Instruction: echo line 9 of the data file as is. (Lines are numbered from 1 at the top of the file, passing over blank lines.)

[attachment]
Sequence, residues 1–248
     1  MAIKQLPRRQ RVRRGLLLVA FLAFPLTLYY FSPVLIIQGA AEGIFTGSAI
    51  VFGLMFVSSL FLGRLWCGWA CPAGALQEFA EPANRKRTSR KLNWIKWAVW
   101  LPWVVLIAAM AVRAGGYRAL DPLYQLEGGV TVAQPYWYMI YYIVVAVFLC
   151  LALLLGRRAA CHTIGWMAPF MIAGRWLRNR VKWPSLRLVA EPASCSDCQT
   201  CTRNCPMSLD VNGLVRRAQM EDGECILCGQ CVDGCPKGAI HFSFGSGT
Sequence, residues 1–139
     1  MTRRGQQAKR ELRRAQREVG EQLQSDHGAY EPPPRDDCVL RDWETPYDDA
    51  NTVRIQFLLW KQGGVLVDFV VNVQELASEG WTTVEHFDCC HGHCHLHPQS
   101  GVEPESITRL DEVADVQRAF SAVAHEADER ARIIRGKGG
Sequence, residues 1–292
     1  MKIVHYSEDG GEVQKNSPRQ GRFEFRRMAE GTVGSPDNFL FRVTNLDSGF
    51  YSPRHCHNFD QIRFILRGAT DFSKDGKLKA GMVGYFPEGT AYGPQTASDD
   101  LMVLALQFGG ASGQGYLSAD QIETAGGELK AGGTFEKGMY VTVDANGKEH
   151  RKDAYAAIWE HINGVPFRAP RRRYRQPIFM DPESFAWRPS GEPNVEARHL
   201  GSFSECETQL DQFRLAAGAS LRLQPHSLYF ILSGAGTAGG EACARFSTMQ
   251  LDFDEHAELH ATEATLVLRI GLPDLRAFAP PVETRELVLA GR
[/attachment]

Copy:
    51  NTVRIQFLLW KQGGVLVDFV VNVQELASEG WTTVEHFDCC HGHCHLHPQS